By Afam Ilounoh
The APGA designated liar, Mr. Valentine Obieyem, has posted the falsehood from hell about what transpired at the major roundabout in Nnewi on Thursday afternoon.
First, it was not a clash of two political parties. It was mid-afternoon and the APGA campaign train was coming in from the Bank Road, going at snail speed as hired urchins on foot and motorcycles terrorized those going about their businesses and causing unprecedented traffic fiasco.
At the same time, the Labour Party’s campaign train was on the move to another town for its own last-minute campaign. Unfortunately for APGA, the Labour Party candidate, Dr. Ifeanyi Ubah, was being followed by a long motorcade in which were some long converted trailers bearing singers and dancers and which blared loud music. It was a show of force as the messages they emitted drowned out those of APGA. To add insult to APGA’s injury, the Nnewi crowd loved Dr. Ubah’s campaign jingles more than APGA’s- and they joined the carnival in singing “Ebe ka anyi ga ebinye aka? Ebe a setie madu” (Igbo for “where do we tumb-print? Where there is a drawing depicting human being”).
The traffic hold up caused by the APGA team, which had erected canopies in the middle of the expansive triangle (called Nnewi roundabout) did not allow the Labour Party train to move quickly. The campaign train actually got stuck as AGPA’s vehicles, now parked, had not just constricted the roads, but had totally blocked the road beside the motor park, forcing others to start using only one of the two roads that formed the lengthy Vs of that triangle which meet at Nkwo market entrance. The Ubah campaign train, now stuck in traffic, began to entertain the crowd that was becoming thicker by the minute. People abandoned the APGA campaign site and flocked towards the motorcade – and began to dance with joyous abandon, saying that Ubah will win and APGA has already fallen (“o dago”).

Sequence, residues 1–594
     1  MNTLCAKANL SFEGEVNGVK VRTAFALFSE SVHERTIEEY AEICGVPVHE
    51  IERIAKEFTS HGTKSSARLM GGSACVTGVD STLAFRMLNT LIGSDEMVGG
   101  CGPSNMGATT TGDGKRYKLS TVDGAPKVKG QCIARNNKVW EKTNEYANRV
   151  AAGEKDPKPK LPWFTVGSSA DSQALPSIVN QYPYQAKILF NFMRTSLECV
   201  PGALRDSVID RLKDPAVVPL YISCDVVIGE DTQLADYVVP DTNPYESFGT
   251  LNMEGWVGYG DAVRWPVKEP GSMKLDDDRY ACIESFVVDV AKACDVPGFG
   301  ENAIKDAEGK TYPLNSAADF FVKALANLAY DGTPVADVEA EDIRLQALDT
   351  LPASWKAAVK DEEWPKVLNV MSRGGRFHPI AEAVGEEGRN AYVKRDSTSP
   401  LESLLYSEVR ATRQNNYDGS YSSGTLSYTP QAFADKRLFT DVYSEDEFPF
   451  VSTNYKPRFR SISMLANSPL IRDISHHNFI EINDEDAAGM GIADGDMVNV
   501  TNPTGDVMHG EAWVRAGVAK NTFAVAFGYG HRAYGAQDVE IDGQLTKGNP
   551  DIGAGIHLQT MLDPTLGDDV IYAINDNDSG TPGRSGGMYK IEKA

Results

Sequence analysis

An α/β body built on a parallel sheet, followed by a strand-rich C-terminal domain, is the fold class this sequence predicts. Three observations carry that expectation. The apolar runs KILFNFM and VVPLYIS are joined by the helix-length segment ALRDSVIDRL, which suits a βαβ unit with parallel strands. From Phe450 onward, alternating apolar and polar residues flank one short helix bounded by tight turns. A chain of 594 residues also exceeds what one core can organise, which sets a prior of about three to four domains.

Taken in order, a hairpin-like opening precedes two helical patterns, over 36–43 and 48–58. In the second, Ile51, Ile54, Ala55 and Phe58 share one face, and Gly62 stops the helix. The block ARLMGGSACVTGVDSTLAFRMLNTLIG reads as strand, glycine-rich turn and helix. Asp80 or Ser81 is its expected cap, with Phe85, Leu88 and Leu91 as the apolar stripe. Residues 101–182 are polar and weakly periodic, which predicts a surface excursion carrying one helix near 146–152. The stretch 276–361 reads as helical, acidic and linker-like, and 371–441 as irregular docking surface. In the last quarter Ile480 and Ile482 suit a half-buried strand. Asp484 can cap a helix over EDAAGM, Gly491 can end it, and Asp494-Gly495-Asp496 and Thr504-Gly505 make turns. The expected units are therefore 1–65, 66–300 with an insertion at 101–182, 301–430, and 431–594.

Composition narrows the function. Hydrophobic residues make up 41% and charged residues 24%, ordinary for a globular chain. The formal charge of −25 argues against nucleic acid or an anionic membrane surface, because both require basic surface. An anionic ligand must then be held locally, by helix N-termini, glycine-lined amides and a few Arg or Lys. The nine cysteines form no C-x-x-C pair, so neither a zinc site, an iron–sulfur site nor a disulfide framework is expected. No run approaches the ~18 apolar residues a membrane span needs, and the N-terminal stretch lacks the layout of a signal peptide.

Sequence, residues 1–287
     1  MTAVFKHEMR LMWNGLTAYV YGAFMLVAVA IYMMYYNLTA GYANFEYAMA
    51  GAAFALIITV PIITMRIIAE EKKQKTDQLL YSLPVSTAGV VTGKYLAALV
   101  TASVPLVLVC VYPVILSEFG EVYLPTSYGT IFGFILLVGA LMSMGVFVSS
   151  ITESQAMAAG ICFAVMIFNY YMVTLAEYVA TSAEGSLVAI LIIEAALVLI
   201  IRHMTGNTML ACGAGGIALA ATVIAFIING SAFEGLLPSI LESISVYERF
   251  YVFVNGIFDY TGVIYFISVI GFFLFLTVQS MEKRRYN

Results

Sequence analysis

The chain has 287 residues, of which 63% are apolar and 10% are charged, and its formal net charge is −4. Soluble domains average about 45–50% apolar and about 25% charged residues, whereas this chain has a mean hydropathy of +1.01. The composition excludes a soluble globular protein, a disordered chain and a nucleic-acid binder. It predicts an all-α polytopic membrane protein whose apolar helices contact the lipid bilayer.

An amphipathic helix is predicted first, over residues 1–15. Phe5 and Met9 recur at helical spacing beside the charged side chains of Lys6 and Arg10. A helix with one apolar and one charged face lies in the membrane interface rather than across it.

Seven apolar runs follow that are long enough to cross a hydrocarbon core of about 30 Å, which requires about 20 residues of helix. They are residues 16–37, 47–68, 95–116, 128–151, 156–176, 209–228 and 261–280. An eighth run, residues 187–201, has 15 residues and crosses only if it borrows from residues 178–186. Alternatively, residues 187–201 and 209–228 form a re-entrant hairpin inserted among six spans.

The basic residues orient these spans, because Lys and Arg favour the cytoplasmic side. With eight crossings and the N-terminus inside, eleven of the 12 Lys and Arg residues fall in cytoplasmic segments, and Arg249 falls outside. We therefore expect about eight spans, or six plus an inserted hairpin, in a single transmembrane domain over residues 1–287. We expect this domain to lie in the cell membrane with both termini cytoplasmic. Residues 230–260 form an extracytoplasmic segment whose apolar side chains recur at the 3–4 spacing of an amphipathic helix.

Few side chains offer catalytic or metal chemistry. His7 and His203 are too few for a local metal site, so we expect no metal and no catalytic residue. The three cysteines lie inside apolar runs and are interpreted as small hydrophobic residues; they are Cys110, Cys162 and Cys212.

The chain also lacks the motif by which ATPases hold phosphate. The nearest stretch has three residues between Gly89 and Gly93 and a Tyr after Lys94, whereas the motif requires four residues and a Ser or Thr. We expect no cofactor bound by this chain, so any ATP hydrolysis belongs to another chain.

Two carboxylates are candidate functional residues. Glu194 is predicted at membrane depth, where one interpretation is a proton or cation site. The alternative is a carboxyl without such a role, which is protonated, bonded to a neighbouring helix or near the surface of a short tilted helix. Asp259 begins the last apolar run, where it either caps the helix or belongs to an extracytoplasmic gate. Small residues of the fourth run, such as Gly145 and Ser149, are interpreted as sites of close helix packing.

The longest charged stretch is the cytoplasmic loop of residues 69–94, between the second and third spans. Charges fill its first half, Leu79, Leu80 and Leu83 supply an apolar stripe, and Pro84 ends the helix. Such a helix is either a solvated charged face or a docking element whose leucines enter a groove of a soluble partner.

Nothing was shared to anybody because that place was not Labour Party’s destination or designated city for that day’s campaign.
It was a terrible experience for APGA as the people that had gathered, dispersed and flocked towards the son of the soil, Ubah, and formed escorts for his campaign motorcade.
Even when Ubah’s campaign team had passed, APGA still faced problems; the music stores that abound all around that Nnewi triangular central square continued with their normal business of sound blaring – their own way of attracting customers –and drowned out whatever message APGA may have had for the people even as the noise of motorcycles whizzing around the central square –added to the cacophony of noise that contended against APGA’s message.